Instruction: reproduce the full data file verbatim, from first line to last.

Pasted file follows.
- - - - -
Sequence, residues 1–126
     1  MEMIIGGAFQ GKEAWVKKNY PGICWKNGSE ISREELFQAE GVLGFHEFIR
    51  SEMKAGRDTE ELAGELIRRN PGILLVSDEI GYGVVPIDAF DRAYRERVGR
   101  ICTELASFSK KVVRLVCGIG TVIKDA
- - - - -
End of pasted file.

Sequence, residues 1–126
     1  MEMIIGGAFQ GKEAWVKKNY PGICWKNGSE ISREELFQAE GVLGFHEFIR
    51  SEMKAGRDTE ELAGELIRRN PGILLVSDEI GYGVVPIDAF DRAYRERVGR
   101  ICTELASFSK KVVRLVCGIG TVIKDA